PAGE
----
The perspex machine arose from the unification of projective geometry with the Turing machine. It uses a total arithmetic, called transreal arithmetic, that contains real arithmetic and allows division by zero. Transreal arithmetic is redefined
here. The new arithmetic has both a positive and a negative infinity which lie at the extremes of the number line, and a
number nullity that lies off the number line. We prove that nullity, 0/0, is a number. Hence a number may have one of four
signs: negative, zero, positive, or nullity. It is, therefore, impossible to encode the sign of a number in one bit, as floating-point arithmetic attempts to do, resulting in the difficulty of having both positive and negative zeros and NaNs.
Transrational arithmetic is consistent with Cantor arithmetic. In an extension to real arithmetic, the product of zero, an
infinity, or nullity with its reciprocal is nullity, not unity. This avoids the usual contradictions that follow from allowing
division by zero. Transreal arithmetic has a fixed algebraic structure and does not admit options as IEEE, floating-point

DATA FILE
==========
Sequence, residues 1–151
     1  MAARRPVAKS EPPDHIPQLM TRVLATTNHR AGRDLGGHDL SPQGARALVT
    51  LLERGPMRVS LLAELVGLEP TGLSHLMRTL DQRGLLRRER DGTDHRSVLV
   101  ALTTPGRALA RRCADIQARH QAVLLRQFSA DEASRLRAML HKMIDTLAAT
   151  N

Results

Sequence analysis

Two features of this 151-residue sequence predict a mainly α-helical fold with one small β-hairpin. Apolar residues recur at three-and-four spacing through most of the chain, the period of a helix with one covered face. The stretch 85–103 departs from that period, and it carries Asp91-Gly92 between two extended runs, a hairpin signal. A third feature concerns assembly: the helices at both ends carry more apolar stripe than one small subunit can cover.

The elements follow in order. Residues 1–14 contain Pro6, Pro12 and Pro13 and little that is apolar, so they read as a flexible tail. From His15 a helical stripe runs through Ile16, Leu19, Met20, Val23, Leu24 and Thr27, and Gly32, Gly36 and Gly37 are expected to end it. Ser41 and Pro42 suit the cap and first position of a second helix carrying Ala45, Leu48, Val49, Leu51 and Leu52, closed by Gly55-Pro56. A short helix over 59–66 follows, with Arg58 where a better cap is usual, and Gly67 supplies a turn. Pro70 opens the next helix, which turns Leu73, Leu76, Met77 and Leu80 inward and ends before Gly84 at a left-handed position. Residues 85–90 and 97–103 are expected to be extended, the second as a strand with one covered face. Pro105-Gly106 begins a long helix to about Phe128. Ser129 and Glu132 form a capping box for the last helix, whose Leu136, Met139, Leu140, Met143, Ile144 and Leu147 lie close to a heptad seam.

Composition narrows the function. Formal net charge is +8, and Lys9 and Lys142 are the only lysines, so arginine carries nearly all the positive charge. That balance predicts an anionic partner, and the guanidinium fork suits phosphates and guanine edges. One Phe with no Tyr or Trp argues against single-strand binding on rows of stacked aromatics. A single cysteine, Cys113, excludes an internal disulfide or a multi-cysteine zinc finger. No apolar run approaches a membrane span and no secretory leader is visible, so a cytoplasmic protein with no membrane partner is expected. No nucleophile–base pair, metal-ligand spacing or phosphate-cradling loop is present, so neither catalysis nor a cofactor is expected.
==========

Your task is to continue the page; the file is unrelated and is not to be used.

arithmetic does. Most significantly, nullity has a simple semantics that is related to zero. Zero means "no value" and
nullity means "no information." We argue that nullity is as useful to a manufactured computer as zero is to a human computer.
The perspex machine is intended to offer one solution to the mind-body problem by showing how the computable aspects
of mind and, perhaps, the whole of mind relates to the geometrical aspects of body and, perhaps, the whole of body. We
review some of Turing's writings and show that he held the view that his machine has spatial properties. In particular, that
it has the property of being a 7D lattice of compact spaces. Thus, we read Turing as believing that his machine relates
computation to geometrical bodies.
We simplify the perspex machine by substituting an augmented Euclidean geometry for projective geometry. This leads to
a general-linear perspex-machine which is very much easier to program than the original perspex-machine. We then show
how to map the whole of perspex space into a unit cube. This allows us to construct a fractal of perspex machines with the
cardinality of a real-numbered line or space. This fractal is the universal perspex machine. It can solve, in unit time, the
halting problem for itself and for all perspex machines instantiated in real-numbered space, including all Turing machines.
We cite an experiment that has been proposed to test the physical reality of the perspex machine's model of time, but we
make no claim that the physical universe works this way or that it has the cardinality of the perspex machine. We leave it
that the perspex machine provides an upper bound on the computational properties of physical things, including
manufactured computers and biological organisms, that have a cardinality no greater than the real-number line.